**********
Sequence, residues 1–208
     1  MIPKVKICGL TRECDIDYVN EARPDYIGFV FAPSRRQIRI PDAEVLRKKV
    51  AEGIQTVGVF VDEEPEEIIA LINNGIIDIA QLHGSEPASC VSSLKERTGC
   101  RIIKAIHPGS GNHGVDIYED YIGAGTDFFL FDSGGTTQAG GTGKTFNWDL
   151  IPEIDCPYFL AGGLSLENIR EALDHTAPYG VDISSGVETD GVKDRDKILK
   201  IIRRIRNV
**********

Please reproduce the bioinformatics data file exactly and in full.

Sequence, residues 1–208
     1  MIPKVKICGL TRECDIDYVN EARPDYIGFV FAPSRRQIRI PDAEVLRKKV
    51  AEGIQTVGVF VDEEPEEIIA LINNGIIDIA QLHGSEPASC VSSLKERTGC
   101  RIIKAIHPGS GNHGVDIYED YIGAGTDFFL FDSGGTTQAG GTGKTFNWDL
   151  IPEIDCPYFL AGGLSLENIR EALDHTAPYG VDISSGVETD GVKDRDKILK
   201  IIRRIRNV